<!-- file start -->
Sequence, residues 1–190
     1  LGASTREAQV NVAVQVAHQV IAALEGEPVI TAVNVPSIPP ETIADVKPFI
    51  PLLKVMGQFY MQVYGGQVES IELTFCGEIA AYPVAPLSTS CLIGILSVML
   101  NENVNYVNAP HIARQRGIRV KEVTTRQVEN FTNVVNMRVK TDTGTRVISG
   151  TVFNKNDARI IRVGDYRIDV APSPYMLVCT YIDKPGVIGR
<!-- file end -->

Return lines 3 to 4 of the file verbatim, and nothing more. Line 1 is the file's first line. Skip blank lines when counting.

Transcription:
    51  PLLKVMGQFY MQVYGGQVES IELTFCGEIA AYPVAPLSTS CLIGILSVML
   101  NENVNYVNAP HIARQRGIRV KEVTTRQVEN FTNVVNMRVK TDTGTRVISG